From there, building a database of information… your baseline of information, so that when you’re having that when your Telecom Expense Management partner manages those invoices on a monthly basis, that information is clean.

If you don’t have that historical audit or that Inventory & Audit clean up all the old information, the organization won’t have the capability to make sure this information will stay clean going forward.

4. Inventory & Audit case study

Today I wanted to tell you about a company we’ve been working with on a project. It’s a healthcare organization. They are nationwide, in the assisted living and long-term care business, with some nursing homes. They have 240 locations, from California to East coast in Florida. They are probably represented in every state.

A lot of these locations have been around since the 70s. As we were doing this audit, we were able to identify telecom lines that had been in place since 1975.

It is important to know that this type of company has to have POTS lines (also called copper lines). It’s basically a physical connection coming into their building for their elevator or their alarm lines.

Why do they have to have physical copper lines? Simply because if you ran this over VoIP or some sort of internet line and the ISP service goes down, the CALL lines in the elevators would not work, and people stuck in the elevator would have no way to call to the police station or get someone to assist them. Or if there was a fire, the first thing in this case is the power goes out. You have to have that copper line to get the call to the fire station.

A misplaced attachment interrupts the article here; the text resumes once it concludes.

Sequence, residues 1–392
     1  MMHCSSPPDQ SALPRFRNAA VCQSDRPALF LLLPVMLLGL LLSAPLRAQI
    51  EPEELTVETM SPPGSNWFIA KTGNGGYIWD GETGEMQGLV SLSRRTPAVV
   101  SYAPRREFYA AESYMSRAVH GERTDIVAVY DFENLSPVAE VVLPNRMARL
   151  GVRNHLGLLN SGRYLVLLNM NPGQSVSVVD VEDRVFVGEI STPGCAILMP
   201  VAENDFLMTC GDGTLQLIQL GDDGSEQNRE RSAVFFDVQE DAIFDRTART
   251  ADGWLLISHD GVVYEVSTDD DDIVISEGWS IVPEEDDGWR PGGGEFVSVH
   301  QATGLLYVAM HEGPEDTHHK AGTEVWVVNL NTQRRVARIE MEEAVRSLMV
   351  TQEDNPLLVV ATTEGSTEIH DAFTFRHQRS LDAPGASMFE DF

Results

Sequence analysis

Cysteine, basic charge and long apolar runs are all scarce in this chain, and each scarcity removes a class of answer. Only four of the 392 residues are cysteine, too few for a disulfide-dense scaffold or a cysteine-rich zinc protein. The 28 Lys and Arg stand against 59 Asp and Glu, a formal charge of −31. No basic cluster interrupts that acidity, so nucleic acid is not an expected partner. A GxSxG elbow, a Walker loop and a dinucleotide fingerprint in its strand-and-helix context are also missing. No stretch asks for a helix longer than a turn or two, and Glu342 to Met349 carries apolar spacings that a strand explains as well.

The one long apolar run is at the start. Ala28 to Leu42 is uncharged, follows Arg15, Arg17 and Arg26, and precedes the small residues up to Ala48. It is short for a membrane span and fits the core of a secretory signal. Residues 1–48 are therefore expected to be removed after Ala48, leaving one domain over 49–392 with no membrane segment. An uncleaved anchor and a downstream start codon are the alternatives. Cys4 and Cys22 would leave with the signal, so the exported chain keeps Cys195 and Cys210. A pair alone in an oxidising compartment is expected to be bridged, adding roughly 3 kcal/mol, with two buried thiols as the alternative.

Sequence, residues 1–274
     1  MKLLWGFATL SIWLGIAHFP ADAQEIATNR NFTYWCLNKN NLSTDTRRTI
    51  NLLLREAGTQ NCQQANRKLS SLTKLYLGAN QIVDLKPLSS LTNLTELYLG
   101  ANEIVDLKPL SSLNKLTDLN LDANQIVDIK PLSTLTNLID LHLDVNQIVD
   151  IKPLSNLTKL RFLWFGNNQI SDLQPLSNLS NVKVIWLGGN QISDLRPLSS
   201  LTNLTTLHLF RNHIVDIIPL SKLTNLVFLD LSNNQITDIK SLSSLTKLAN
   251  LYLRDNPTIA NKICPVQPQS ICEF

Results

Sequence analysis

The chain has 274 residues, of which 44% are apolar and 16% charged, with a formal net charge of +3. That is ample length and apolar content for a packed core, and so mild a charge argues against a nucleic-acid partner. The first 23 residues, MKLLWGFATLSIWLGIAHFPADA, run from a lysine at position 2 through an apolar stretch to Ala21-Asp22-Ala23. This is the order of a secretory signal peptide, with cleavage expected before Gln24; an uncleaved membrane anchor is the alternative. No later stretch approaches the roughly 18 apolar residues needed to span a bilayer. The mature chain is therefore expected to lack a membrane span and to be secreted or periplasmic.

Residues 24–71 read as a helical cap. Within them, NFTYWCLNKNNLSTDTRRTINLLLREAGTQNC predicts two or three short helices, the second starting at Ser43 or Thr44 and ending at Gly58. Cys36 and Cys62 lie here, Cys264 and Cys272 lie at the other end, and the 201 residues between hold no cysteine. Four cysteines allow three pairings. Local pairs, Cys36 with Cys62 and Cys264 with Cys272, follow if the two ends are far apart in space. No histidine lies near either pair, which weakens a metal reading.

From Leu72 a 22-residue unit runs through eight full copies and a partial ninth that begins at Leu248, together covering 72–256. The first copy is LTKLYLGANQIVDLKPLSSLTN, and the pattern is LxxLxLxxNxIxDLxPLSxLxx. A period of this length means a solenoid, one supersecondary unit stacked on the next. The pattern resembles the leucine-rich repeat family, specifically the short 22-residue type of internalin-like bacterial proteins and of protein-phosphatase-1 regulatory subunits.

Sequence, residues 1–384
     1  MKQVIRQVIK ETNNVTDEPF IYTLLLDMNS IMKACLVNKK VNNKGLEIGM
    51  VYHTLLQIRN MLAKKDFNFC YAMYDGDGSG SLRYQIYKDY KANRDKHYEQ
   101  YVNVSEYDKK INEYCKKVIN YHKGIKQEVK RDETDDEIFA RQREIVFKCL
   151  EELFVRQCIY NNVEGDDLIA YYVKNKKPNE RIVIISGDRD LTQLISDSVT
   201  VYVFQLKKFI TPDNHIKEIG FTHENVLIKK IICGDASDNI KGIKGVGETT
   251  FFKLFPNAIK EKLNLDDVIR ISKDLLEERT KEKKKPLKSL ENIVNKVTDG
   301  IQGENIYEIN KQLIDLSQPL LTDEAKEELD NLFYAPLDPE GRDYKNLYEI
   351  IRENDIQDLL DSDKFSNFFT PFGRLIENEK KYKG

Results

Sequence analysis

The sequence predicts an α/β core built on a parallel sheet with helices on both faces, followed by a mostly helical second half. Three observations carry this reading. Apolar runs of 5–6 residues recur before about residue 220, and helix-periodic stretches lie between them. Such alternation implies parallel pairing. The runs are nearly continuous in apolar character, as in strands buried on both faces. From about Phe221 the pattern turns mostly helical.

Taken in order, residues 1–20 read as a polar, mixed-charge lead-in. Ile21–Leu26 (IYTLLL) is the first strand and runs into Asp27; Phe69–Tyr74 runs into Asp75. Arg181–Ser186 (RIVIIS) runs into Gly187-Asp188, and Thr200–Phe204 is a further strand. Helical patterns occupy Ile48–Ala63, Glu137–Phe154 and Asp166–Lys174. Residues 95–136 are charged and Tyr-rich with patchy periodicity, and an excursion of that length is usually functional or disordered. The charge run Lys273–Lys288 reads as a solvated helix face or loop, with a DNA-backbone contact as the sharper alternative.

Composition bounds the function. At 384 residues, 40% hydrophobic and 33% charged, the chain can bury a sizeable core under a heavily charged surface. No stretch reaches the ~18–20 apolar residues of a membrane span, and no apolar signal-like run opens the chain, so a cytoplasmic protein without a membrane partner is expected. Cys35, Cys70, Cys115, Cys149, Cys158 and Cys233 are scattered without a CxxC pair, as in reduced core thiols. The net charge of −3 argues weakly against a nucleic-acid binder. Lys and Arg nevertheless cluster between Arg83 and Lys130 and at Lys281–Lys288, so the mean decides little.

Actually the government stipulates that any business has to have those alarm lines in. It’s typically one alarm line and a backup line. And if you have an elevator in the building, it’s going to be equipped with a copper line as well.

5. The problem of POTS lines

This is an unavoidable expense. Given this, let’s make sure that this expense is going to be as documented as possible, and as low-cost as possible.

However, with the advent of the VoIP technology ― basically your internet calling, your teams’ conference calls, your desk phones, etc. — phone companies have invested in that technology and they really have left POTS lines behind.

They don’t really want to service them or take care of them anymore. They want to go with this newer technology.

Unfortunately however, businesses can’t go with the new technology for these specific types of lines. So vendors have basically raised their service rates.

The cost your organization used to pay ($27 or $35 per POTS line) has now become $200+ per line with some vendors. And when these lines go down, having the technicians come out to work on the lines is not immediate. There’s a time lag on getting that done as well.

So businesses have been caught between a rock and a hard place… looking for a better technology but still being hamstrung with those copper lines, those physical lines coming into the building for these specific service types.

6. Inventory & Audit of POTS lines

So with this particular client company, we started out with multiple alarm lines. Well, what they thought were alarm lines and fax lines at their 240 physical locations, about 10 lines per location.

They hired RadiusPoint to do this Inventory & Audit project because they did not have the internal personnel to do it. Number two, they didn’t have the personnel with the expertise to work with the telecom vendors to get the information.